Concern is mounting for the future of matches on rivers after the organisers of some of the country’s biggest contests revealed that the average age of competitors is now ‘well over 50’.
Overall attendances at some running water contests have been revitalised in recent years, with events on venues such as the Bure and Yare in Norfolk, the Severn at Shrewsbury, the Warks Avon at Evesham and the Yorkshire Ouse regularly boasting between 50 and 100 pegs.
However, match organisers have noticed that the majority of attendees are from an older generation, with young matchmen conspicuous by their absence.
The rise in popularity of carp fishing and stillwater commercials are cited as two of the main factors in the shift, and some match bosses, such as Norwich and District AA chairman Tony Gibbons, believe more needs to be done to redress the balance.
“In last week’s Broads Championships on the River Bure, the majority of entrants were pensioners, or approaching retirement age. We need to find ways of encouraging young people back to the rivers before they become accustomed to fishing only for carp. Part of the problem is that coaches introduce people to angling exclusively at stillwaters. Commercial fishing is a lazy man’s sport and many young anglers today don’t seem to like long walks or bankside disturbances such as walkers or boats,” he said.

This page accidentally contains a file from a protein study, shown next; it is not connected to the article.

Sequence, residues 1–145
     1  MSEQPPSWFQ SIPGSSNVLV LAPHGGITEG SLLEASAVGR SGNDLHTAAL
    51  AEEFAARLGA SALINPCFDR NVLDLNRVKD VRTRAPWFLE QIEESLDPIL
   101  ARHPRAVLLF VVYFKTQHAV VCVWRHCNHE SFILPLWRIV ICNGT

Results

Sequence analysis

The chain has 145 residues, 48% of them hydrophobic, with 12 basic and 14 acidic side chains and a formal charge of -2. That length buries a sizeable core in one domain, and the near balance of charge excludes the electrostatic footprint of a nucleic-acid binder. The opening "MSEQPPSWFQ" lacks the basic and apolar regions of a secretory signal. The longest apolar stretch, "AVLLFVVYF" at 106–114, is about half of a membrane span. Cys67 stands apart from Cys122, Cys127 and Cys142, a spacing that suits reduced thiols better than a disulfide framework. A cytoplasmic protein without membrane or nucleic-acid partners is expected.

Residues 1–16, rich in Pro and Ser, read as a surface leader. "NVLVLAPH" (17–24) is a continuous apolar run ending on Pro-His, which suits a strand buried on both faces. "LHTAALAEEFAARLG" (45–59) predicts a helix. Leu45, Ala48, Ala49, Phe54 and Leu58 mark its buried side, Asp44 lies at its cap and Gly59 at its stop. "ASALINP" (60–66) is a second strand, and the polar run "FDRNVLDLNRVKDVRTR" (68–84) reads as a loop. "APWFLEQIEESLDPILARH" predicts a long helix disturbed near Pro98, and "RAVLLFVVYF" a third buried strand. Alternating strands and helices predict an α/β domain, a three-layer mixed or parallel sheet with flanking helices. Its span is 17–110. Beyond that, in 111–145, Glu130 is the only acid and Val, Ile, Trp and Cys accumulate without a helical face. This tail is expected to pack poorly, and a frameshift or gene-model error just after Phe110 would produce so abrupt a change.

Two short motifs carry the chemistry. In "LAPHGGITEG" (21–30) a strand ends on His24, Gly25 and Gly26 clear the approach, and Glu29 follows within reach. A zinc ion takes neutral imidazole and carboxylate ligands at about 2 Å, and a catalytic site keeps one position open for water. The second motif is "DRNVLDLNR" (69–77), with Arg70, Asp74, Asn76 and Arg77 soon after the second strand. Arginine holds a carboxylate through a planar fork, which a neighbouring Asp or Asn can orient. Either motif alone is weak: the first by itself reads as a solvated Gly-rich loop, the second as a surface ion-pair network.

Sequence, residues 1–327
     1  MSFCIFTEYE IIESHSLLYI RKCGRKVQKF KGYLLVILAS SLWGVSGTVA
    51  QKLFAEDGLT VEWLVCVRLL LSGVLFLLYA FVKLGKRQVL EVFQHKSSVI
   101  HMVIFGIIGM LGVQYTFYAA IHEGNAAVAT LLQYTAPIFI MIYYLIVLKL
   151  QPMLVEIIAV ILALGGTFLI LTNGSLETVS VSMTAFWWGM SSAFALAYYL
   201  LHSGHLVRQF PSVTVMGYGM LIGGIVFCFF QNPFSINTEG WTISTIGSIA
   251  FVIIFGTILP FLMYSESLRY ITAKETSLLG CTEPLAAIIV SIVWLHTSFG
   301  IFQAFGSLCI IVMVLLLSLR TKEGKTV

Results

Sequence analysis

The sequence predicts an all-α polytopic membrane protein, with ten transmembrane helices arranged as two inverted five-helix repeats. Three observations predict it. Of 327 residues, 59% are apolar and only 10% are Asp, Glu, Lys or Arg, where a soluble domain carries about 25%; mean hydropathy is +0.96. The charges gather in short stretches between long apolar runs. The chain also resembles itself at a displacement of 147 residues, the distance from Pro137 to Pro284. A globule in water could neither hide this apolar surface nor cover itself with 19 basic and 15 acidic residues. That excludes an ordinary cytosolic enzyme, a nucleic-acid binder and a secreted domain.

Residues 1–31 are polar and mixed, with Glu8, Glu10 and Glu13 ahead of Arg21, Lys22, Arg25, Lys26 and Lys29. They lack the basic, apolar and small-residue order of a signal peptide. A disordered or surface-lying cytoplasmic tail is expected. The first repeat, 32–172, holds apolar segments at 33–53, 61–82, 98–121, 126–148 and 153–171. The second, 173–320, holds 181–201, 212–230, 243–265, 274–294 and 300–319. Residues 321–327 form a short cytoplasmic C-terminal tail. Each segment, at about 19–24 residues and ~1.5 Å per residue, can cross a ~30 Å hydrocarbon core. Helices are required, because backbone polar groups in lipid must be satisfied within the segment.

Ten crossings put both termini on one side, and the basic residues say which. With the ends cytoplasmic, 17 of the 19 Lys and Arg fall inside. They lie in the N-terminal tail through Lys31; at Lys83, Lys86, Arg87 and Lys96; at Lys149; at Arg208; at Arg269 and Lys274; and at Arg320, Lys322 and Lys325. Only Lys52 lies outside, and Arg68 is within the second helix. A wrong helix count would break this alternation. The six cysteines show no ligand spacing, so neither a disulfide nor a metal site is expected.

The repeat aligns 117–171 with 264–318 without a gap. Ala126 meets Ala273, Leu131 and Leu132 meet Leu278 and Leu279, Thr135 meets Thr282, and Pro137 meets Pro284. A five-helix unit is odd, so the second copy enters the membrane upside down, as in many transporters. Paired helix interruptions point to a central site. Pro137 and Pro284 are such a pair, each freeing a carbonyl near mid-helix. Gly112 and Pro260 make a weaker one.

Jim Jordan, match secretary for Leeds and District ASA, thinks that health and safety issues are also to blame, with parents reluctant to let youngsters fish the rivers.
“Our junior manager won’t take the team on the rivers because of the risks associated with powerful waters such as the Yorkshire Ouse, which is often 15ft deep off the rod-tip. A knock-on effect is that when today’s juniors reach an age when they can drive, they’re not going to be interested in rivers – it’s a no-win situation.
Most of the well-attended matches on the Ouse are populated by a hard core of natural venue fans in their late 40s, 50s and 60s. Only a handful are under 30,” said Jim.
One match circuit bucking the trend is on the River Wye in Hereford, where teach-ins are organised to entice youngsters back to the rivers, as local match organiser Tony Birt explained.
“Local angler Dave Roberts has taken them under his wing and enters a team of 14 to 18-year-olds into the Hereford Winter League. The main attraction of the Wye is the fishing, and matches are won with anything from 60lb of dace or 70lb of roach to 100lb-plus of chub and barbel. Anglers travel from far and wide to attend.”